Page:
July 30, 2004
Via our neighborhood ludology blogs, here are links to two articles with ideas on how to improve interactive narrative experiences. First, a new essay by Timothy Burke in which he strongly advocates agency in MMOG virtual worlds.
MMOGs can never be virtual worlds until they abandon the character as the primary unit of persistence. To be virtual worlds, they have to make the gameworld itself the major unit of persistence. … This is the dream of many MMOG players: they beg for gameworlds in which their actions matter, in which there are events of consequence. Developers promise to pursue this chimera, but rarely implement anything even approaching the most modest dreams of players.
Second, an older essay (1989) espousing the concept of game-stories, by Ron Gilbert, veteran developer of adventure games (Monkey Island) and its technology (SCUMM), posted on his new blog. In the essay, which holds up quite well 15 years later (perhaps suggesting how little progress has been made in interactive narrative since then), Gilbert discusses his “rules of thumb that will minimize the loss of suspension of disbelief” in game-stories. Particularly interesting to me, in light of our current experiment in real-time interactive drama, is Gilbert’s rule that “Real time is bad drama”:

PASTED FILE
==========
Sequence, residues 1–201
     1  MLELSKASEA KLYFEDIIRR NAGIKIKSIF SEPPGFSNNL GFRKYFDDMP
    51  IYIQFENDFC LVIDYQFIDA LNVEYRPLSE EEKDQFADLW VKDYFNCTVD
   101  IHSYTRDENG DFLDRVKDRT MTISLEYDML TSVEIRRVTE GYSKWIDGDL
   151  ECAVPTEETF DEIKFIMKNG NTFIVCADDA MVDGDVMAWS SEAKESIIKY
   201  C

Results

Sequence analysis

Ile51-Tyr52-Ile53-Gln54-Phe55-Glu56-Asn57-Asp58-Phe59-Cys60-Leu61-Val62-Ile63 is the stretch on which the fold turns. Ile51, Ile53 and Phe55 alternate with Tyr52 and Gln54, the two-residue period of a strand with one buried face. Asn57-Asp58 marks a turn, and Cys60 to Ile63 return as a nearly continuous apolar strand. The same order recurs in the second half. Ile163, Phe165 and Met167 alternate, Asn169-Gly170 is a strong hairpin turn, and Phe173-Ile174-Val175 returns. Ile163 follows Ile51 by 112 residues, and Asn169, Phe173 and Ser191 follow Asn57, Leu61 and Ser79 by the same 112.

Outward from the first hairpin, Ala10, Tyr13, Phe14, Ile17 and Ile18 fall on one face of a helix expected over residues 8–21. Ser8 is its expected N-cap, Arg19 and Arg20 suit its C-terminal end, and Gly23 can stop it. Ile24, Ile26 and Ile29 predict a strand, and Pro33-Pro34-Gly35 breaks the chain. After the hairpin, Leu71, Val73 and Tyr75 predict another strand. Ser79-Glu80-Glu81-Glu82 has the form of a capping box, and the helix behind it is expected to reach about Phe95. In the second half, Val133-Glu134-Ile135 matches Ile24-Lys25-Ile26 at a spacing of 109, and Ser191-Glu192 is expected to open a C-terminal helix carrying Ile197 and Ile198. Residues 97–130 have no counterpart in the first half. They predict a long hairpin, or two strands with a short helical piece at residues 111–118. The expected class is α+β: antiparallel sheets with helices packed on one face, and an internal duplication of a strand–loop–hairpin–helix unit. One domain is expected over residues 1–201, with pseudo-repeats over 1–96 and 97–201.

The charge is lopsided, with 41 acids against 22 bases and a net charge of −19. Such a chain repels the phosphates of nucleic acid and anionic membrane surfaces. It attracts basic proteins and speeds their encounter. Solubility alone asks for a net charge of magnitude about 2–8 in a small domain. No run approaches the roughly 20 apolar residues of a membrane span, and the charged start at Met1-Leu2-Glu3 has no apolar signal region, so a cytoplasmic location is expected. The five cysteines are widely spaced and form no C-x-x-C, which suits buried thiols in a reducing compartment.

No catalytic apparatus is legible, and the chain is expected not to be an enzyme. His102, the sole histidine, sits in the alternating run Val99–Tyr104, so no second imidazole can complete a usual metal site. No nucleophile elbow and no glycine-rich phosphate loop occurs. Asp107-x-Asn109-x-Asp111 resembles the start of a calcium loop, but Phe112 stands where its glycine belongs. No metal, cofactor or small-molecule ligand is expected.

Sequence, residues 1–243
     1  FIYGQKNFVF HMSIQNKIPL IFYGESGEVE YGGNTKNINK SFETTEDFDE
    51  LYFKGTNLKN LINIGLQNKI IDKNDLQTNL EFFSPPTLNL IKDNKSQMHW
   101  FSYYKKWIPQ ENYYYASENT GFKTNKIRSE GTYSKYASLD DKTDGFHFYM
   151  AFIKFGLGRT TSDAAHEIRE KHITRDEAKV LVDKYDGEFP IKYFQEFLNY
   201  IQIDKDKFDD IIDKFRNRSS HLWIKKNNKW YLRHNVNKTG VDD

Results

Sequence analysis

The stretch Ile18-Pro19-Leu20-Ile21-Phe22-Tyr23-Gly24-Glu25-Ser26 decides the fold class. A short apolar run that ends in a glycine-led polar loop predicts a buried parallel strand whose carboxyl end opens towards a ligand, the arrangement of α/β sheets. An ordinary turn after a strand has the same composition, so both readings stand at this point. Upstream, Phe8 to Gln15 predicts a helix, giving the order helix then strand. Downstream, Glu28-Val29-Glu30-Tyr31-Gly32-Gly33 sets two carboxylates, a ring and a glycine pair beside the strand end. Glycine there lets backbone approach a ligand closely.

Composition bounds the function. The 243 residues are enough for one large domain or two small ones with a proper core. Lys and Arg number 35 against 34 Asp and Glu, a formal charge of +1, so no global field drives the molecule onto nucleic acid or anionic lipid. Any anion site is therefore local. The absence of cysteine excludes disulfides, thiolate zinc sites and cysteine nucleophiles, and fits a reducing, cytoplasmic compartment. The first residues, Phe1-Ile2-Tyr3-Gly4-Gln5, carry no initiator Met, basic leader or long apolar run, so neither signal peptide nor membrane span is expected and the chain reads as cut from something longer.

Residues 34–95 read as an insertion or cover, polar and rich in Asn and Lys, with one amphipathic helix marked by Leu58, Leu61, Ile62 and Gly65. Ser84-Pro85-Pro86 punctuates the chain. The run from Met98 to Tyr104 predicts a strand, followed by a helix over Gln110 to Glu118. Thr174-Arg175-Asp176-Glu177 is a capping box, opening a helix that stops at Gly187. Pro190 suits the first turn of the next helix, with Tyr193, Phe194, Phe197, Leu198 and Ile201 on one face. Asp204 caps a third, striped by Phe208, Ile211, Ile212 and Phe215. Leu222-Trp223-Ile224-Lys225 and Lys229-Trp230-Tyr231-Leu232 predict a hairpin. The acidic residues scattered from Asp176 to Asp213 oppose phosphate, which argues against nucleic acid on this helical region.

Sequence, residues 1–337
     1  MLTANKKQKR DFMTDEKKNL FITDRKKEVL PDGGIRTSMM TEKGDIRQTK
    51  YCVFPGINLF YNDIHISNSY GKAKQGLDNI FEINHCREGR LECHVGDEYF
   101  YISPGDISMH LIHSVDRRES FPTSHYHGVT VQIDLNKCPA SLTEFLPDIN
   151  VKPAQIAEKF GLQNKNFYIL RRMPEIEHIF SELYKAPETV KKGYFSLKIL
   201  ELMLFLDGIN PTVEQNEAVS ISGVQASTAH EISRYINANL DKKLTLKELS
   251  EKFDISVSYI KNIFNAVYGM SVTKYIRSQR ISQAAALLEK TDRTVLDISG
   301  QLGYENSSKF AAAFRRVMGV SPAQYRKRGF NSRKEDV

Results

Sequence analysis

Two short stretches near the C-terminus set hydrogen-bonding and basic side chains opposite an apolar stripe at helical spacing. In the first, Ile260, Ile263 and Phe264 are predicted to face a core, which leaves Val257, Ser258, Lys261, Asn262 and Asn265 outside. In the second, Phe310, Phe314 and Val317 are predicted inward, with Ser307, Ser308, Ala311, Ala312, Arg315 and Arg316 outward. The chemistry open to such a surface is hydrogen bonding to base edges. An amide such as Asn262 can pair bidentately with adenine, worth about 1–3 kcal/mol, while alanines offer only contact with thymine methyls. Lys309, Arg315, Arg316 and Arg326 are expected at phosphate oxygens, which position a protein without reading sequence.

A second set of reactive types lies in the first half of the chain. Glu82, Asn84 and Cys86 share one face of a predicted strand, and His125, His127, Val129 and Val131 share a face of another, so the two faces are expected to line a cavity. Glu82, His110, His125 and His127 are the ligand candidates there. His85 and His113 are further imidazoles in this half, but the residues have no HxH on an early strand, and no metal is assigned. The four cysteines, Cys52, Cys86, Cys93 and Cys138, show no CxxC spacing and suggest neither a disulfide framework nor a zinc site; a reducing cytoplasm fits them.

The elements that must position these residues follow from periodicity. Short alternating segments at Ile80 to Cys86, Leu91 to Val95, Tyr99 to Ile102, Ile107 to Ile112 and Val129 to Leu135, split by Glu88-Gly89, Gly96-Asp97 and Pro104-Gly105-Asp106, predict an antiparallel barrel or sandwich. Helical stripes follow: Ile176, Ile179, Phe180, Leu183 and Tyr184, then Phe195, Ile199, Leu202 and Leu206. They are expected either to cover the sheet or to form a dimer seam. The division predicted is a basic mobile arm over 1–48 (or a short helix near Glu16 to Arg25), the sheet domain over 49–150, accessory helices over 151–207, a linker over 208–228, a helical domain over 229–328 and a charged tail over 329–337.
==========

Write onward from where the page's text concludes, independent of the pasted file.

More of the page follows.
One of the most important keys to drama is timing. Anyone who has designed a story game knows that the player rarely does anything at the right time or in the right order. If we let the game run on a clock that is independent from the player’s actions, we are going to be guaranteed that few things will happen with dramatic timing. … The key is to use Hollywood time, not real time. Give the player some slack when doing time-based puzzles. Try to watch for intent. If the player is working towards the solution and almost ready to complete it, wait.
I agree with this principle, that a strictly real-time interactive experience can be problematic. It’s usually a good thing for the system to slow down or speed up as needed to adapt to what the player is doing and best support a satisfying experience. However, unlike most puzzles you encounter in adventure games and IF, I much prefer interactive experiences that are always moving forward, that keep you engaged at all times, that never just sit and wait for you to act. Perhaps “real-time” isn’t the perfect word to describe this, since always moving forward can still be adaptive; maybe “continuous-time” is better. Continuous-time interactive drama.